Pacific leaders say climate will claim entire nations

2014-07-31 17:14
Inhabitants of Kiritimati coral atoll building a stone seawall to struggle against sea level rise caused by global warming. (AFP)

Inhabitants of Kiritimati coral atoll building a stone seawall to struggle against sea level rise caused by global warming. (AFP)

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Koror - Pacific leaders warned on Thursday that entire island nations will disappear under the waves unless action is taken to address climate change.

The Pacific Islands Forum (PIF) wrapped up its annual meeting in Palau with a call to action on the issue of global warming, with the 15-nation regional grouping saying there was no excuse not to act to curb climate change.

"We all know the causes of climate change, we know the solutions," Samoa Prime Minister Sailele Malielegaoi told reporters after releasing a communique from the three-day meeting.

"All that is left is decisive action from leaders with the courage to do what needs to be done to save the world."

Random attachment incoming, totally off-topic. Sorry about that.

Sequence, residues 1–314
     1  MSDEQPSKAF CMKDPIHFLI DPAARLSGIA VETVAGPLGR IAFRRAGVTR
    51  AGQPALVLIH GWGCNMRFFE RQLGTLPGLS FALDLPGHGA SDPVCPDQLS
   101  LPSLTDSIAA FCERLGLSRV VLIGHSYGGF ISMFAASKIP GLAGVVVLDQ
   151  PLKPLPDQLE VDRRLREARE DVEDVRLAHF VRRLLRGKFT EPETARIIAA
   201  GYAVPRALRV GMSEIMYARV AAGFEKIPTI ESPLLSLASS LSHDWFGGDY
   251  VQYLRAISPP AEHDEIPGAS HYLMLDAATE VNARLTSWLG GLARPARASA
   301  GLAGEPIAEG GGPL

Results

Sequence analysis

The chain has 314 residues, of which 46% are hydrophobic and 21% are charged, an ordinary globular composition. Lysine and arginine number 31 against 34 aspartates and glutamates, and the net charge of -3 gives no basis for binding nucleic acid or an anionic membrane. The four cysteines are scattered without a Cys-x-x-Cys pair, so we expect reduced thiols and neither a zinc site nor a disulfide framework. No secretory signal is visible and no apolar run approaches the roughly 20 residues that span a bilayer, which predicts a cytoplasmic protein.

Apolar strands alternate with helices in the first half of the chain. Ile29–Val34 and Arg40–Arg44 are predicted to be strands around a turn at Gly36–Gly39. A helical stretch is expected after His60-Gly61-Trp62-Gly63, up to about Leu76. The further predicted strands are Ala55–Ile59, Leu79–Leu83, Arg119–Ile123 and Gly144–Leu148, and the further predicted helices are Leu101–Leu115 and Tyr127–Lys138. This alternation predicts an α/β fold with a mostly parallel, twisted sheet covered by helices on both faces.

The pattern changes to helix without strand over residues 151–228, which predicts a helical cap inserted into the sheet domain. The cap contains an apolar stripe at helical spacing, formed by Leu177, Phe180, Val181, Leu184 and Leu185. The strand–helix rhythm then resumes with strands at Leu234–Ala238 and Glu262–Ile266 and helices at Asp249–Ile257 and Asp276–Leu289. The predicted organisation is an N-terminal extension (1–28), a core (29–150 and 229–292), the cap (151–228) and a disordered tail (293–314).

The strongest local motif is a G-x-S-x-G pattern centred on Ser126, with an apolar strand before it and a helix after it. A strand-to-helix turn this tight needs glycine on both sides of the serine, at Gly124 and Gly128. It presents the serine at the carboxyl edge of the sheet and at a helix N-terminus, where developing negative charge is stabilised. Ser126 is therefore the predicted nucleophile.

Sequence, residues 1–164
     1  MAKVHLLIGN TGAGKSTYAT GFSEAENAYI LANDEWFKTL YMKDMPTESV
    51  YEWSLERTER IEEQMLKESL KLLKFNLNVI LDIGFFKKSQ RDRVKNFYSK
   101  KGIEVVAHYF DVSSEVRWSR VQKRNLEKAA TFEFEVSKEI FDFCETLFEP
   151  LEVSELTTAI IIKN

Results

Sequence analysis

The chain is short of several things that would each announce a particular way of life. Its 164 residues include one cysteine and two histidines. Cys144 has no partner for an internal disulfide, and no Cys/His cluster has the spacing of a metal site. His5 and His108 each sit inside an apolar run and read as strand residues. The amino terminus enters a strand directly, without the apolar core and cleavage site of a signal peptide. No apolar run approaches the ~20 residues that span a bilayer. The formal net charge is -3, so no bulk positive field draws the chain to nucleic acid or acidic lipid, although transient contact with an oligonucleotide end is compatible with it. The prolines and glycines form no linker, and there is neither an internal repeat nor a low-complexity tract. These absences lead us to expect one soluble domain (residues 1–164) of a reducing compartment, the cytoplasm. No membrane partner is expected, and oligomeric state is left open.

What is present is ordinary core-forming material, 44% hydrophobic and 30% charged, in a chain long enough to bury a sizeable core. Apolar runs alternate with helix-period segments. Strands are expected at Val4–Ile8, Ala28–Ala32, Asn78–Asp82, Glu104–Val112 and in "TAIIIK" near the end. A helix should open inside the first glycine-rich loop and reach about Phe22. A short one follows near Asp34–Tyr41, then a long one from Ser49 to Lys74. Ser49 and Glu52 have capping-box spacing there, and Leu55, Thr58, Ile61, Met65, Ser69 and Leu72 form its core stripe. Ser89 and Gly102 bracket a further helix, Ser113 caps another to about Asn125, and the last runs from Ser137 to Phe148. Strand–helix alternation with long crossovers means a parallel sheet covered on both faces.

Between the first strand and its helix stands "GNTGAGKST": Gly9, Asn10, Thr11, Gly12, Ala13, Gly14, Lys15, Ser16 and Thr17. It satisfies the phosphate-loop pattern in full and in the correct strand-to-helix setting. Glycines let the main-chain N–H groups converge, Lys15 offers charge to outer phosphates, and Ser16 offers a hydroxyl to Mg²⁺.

Malielegaoi said Pacific island nations, some of which are barely one metre above sea level, were at the forefront of the climate change issue because it was a matter of survival for them.

"The reason for the very strong stance put forward by Pacific island countries is that we are the most vulnerable. Many of our states will disappear under the ocean if climate change is allowed to continue."


The Forum also demanded an end to overfishing in the Pacific, largely by "distant water" fleets from as far afield as Europe. saying sustainable development was needed in the world's largest ocean.

"Leaders note with concern the rapid decline of tuna stocks and... (want to) urgently strengthen sustainable fisheries and management plans," the communique said.

The Pacific tuna industry is worth about $4.0 billion a year annually but relatively little of the money trickles back to Forum countries.

Scientists say tuna stocks are dwindling quickly, with the southern bluefin variety down an estimated 96% after decades of overfishing.

The Forum announced it had appointed its first ever female Secretary General, with lawyer and diplomat Meg Taylor of Papua New Guinea taking over from Samoa's Neroni Slade.

Read more on:    samoa  |  global warming

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